17. bender
    Posted Oct 25, 2006 at 8:55 PM | Permalink

    I like the sound of the Wilson et al. abstract:

    No current tree-ring (TR) based reconstruction of Northern Hemisphere (NH) temperatures, that extends into the 1990s, captures the full range of late 20th century warming observed in the instrumental record. Over recent decades, a clear divergence between large-scale reconstructed (colder) and instrumental temperatures (warmer) is observed. We hypothesize that this problem is partly related to the fact that some of the constituent chronologies used for previous reconstructions show divergence against local temperatures in the recent period. In this study, we compiled TR data and published local-regional reconstructions that show no divergence against local temperatures. These data have not been included in other large scale temperature reconstructions. Utilizing this data-set, we developed a new completely independent reconstruction of NH temperatures (1750-2000).

  18. Steve McIntyre
    Posted Oct 25, 2006 at 9:34 PM | Permalink

    Rob is certainly trying. A 1750-2000 reconstruction sounds like even further retrenchment than the NAS Panel’s 1600.

    Speaking of divergence, let’s not forget that the Hegerl reconstructions ends in 1960 (!?!) along with the Briffa reconstruction. They don’t breathe a word about the divergence problem.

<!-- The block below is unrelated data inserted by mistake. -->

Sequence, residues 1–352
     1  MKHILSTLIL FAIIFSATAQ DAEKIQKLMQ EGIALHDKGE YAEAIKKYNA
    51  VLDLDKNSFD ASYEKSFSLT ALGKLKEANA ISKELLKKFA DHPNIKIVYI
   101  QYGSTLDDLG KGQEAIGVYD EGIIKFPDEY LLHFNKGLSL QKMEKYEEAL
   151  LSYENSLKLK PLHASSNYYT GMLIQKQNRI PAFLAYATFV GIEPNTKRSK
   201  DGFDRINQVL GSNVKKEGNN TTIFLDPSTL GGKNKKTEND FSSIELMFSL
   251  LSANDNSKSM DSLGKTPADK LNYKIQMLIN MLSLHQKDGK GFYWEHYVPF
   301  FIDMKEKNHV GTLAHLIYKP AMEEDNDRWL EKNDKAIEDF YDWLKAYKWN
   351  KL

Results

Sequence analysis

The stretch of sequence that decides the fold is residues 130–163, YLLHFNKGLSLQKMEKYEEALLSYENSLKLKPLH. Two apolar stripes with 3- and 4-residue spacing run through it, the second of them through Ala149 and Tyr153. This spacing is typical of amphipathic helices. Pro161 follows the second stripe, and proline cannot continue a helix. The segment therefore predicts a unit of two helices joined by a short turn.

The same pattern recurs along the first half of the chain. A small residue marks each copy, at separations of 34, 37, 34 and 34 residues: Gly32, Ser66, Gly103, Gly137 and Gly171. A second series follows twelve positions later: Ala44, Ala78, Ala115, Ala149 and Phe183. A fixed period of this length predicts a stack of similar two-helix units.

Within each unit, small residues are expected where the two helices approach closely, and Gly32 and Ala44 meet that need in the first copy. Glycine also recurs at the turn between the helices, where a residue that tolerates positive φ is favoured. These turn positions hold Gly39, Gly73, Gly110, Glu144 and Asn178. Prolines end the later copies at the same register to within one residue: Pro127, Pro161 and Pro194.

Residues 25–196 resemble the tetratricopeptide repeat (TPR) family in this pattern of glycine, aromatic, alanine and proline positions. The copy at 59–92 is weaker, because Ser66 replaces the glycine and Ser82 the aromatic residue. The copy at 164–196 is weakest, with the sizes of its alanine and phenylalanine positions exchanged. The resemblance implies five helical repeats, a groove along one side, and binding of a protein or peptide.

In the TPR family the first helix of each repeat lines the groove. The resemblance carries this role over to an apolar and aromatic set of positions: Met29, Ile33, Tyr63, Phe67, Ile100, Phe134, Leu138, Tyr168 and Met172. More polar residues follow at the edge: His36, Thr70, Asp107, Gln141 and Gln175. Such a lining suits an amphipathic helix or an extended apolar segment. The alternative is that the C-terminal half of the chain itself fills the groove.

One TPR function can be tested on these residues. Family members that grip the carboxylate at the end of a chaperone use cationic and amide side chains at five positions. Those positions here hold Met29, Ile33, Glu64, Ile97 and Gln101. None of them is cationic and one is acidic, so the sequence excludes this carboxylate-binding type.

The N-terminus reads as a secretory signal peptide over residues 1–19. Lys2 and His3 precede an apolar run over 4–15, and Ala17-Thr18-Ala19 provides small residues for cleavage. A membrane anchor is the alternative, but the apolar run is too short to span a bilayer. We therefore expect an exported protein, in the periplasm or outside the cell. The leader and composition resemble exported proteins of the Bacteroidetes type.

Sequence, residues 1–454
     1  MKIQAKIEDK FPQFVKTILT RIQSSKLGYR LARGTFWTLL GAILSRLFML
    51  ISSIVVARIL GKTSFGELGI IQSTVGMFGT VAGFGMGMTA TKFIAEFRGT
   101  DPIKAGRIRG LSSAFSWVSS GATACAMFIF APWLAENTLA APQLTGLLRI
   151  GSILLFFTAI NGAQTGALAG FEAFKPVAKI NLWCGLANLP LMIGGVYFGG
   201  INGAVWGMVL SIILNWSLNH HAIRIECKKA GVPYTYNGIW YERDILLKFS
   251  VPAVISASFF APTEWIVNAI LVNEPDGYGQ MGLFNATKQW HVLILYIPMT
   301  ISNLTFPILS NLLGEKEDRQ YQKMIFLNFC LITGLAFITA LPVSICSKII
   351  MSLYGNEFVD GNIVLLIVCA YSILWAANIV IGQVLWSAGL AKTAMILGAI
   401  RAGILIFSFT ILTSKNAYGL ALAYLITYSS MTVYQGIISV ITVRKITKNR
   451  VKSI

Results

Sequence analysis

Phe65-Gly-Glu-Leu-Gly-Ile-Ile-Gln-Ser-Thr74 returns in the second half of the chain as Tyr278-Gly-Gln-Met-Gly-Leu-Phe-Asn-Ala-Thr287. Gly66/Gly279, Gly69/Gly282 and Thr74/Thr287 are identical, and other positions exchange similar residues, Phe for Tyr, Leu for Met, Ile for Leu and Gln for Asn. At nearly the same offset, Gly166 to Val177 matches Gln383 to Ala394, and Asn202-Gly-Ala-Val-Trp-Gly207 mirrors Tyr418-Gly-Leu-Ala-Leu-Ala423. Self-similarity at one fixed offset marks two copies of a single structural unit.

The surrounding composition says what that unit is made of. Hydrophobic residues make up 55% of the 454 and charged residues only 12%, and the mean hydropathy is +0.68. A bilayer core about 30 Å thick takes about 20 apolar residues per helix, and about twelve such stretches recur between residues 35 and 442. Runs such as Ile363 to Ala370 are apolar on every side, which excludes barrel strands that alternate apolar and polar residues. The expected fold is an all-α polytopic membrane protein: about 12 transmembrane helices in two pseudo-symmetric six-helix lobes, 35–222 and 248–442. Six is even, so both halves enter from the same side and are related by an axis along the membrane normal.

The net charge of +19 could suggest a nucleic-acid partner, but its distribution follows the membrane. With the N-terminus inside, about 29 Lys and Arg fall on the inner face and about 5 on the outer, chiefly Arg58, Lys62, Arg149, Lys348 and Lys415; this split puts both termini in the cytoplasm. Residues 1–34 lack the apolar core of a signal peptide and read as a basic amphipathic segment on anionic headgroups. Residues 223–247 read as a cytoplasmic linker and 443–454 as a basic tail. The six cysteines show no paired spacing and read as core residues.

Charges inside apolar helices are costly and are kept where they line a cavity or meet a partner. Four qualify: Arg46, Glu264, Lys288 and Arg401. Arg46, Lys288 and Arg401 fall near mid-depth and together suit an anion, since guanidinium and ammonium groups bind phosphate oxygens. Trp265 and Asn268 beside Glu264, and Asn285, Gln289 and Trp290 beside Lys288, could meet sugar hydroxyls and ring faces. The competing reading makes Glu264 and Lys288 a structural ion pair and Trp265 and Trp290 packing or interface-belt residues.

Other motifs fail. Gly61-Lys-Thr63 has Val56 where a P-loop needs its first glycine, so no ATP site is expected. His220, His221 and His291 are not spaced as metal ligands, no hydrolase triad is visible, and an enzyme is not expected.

19. Rob Wilson
    Posted Oct 26, 2006 at 1:29 AM | Permalink

    Dear Steve,
    My new study is not a “further retrenchment than the NAS Panel’s 1600″. I am purposely focussing on the recent period and the issue of divergence at large scales.

    Also – there is much criticism of the non independence between different studies describing NH temperature reconstructions. The reality is that there are few ‘relevant’ millennial length series. If we are focussing on the last 1000 years, it is impossible for the studies to be independent from a data point of view. So essentially, the differences come down to method.

    See you in SF

    Rob

  20. Willis Eschenbach
    Posted Oct 26, 2006 at 2:08 AM | Permalink

    Rob, your paper sounds fascinating. If you have time, could you comment on how you have dealt with

    1) The “upside-down U” shaped growth response of plants to temperature/moisture, which leads to a “many-to-one” one-way transform of the temperature data in to the tree ring data.

    2) The separate problem of removing the effects of moisture (rainfall, humidity, and soil moisture) as a confounding variable in the tree-ring records.

    Thanks,

    w.

  21. Rob Wilson
    Posted Oct 26, 2006 at 2:43 AM | Permalink

    Dear Willis,
    at this stage, as the paper has not yet been submitted (hopefully next week), I would prefer not to comment on specifics.